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BIG ARTS ‘Talking Points’ to offer perspective on Florida issues

By Staff | Feb 6, 2020

PHOTO PROVIDED Rosemary O’Hara

Rosemary O’Hara, editorial page editor of the South Florida Sun-Sentinel, thinks often of one searing image following the deadly shootings at Parkland High. Two women embrace outside the school, one collapsing into the other’s arms. Grief unites them. Yet today, two years after the nation’s worst school shooting, the two women don’t speak. Such is the state of the gun debate in Florida and for much of the United States.

O’Hara will offer a seasoned journalist’s view of three big topics in Florida – Parkland, pollution and the coming Florida presidential primary – at the BIG ARTS Talking Points series on Feb. 11 at 4 p.m. at Strauss Theater.

The Sun-Sentinel was awarded the highest honor among journalism Pulitzers, the public service prize, for its Parkland school shooting coverage, an entry that included editorials she shepherded into print. Still, the tragedy continues, not only for the school and families, but throughout the state with little to show on improved school safety issues, specifically guns.

“People came together in this moment of great tragedy, but later, fault lines appeared that have left this place torn apart,” she said.

Shortly after the shooting she had a tearful interview with the county’s school superintendent. Today they barely speak.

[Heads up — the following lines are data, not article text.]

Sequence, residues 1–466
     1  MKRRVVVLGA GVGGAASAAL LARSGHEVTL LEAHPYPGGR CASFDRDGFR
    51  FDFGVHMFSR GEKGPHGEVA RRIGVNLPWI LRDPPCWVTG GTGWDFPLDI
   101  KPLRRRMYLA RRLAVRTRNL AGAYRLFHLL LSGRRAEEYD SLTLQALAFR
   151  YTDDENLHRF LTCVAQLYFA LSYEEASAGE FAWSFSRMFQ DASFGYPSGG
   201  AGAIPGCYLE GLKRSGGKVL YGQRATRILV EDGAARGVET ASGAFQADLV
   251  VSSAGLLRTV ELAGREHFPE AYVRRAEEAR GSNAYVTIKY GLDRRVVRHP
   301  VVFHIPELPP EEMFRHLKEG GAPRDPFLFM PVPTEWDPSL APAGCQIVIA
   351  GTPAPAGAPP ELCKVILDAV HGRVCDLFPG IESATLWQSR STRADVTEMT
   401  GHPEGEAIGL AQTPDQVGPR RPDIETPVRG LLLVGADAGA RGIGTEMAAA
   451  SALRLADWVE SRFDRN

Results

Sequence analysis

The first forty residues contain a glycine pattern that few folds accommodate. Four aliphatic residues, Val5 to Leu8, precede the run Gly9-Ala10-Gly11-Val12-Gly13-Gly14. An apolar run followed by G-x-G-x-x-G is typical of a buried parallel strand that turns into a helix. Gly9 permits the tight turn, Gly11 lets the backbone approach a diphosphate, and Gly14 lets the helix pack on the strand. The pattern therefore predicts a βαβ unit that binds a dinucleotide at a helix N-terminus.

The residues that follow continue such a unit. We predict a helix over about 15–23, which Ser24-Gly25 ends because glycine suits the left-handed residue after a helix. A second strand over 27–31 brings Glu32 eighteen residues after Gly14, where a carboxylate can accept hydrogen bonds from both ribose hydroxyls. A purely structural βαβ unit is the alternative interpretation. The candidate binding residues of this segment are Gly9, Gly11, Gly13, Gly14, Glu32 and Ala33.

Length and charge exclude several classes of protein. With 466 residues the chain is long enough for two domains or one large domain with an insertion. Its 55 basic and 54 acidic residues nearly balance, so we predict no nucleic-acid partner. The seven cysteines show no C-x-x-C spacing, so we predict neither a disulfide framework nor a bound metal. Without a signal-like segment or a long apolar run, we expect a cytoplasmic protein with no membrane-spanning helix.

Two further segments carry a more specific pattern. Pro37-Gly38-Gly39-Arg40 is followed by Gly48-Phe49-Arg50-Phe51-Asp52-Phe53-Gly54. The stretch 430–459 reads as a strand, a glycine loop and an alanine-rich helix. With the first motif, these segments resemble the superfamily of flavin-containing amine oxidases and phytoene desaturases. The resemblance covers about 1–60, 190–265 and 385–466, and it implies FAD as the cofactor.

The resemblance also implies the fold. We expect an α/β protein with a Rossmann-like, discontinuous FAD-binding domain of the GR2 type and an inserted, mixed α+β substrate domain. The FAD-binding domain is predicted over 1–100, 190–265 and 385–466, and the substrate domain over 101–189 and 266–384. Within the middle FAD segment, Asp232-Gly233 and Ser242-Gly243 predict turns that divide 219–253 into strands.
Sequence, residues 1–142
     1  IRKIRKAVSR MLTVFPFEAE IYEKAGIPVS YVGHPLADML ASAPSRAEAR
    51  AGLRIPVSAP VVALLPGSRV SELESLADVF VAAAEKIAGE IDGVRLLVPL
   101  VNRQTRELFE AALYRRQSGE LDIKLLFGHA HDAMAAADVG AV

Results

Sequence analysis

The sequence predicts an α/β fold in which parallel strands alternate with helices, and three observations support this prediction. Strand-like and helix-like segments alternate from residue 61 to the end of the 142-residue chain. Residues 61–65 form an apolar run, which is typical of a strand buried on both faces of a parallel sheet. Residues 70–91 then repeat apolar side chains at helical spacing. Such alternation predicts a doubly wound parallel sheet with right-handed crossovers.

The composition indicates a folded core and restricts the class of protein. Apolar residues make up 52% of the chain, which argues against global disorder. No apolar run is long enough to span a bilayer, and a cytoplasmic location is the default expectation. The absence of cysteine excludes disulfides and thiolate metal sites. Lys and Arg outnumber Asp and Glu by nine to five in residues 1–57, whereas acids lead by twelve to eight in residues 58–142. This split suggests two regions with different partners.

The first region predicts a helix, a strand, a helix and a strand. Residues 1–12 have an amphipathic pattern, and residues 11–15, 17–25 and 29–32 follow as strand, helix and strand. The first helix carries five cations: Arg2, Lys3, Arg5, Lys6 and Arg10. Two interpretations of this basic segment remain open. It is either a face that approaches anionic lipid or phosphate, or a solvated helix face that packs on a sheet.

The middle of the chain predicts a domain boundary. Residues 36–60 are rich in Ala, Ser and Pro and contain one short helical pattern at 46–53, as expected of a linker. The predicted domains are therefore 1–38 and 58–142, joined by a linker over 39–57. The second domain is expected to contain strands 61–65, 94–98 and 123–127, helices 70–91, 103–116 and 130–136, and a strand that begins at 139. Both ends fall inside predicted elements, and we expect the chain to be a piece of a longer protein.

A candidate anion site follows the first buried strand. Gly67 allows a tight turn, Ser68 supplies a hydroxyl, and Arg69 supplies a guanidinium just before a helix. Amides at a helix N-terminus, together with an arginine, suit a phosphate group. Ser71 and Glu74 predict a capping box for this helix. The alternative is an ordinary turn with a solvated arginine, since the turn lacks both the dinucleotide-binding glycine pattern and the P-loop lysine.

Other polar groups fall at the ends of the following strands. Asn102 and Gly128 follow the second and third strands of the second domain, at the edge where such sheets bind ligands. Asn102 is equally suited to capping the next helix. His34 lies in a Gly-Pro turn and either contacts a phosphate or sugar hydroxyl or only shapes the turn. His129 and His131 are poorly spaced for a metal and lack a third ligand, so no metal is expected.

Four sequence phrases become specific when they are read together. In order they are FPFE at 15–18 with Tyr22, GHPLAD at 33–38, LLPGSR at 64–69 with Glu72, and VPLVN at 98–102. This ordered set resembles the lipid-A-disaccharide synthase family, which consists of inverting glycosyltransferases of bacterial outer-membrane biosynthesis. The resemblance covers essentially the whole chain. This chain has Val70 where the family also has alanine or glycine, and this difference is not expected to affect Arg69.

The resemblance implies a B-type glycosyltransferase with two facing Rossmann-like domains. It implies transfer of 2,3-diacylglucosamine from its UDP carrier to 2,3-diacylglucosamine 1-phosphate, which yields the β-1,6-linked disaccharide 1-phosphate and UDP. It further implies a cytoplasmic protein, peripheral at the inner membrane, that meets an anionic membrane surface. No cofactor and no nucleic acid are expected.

On pollution, the issues of red tide and blue-green algae continue to threaten both coasts, complicated by dangerous sea level rise. The Sun-Sentinel partnered with The Miami Herald and The Palm Beach Post to produce a continuing series called The Invading Sea, offering readers an array of news and opinion pieces on the complicated issues of surviving sea level rise. She will elaborate on how the newspapers are working to explain the urgency of critical water issues throughout the state.

And just a month before Floridians head to the polls for the presidential primary, O’Hara will offer an insider’s view of the challenges ahead on election security, access to ballots and the hot issues on the minds of residents. With 1 percent election margins common, the risks are high for Florida to better manage its ballots.

O’Hara, who grew up in Tampa, got her first reporting job there, and then went to work for The Miami Herald, where she covered the beginning of the AIDS crisis and later became an editor, before moving to the Washington bureau to cover the Bill Clinton election. Later, she went to the Cincinnati Enquirer as managing editor of the newsroom, just at the time of a police shooting of a black youth that led to four days of rioting. In response, the paper organized a major community outreach effort that led to discussions in 145 neighborhoods on racial tensions, a model of civic engagement by newspapers.

The experience prompted her to want to lead an editorial page, and that desire brought her back to the Tampa Tribune. After a few career detours into politics as a Republican gubernatorial candidate’s press secretary and as owner of a startup journalism endeavor, Florida Voices, she’s back in newspapers in Fort Lauderdale. She’s served as a Pulitzer Prize juror and is a past leader of the Association of Opinion Journalists, now part of the News Leaders Association.

Tickets for $20 and include a complimentary wine reception with the lecturer following the talk.

The Sanibel & Captiva Trust Company is the company sponsor for Talking Points.

For tickets, visit www.BIGARTS.org, call 239-395-0900 or visit the box office, at 900 Dunlop Road, Sanibel. The evening of the lecture, tickets will be sold beginning at 3 p.m. at the Strauss Theatre.

The Strauss Theatre is at 2200 Periwinkle Way, Sanibel.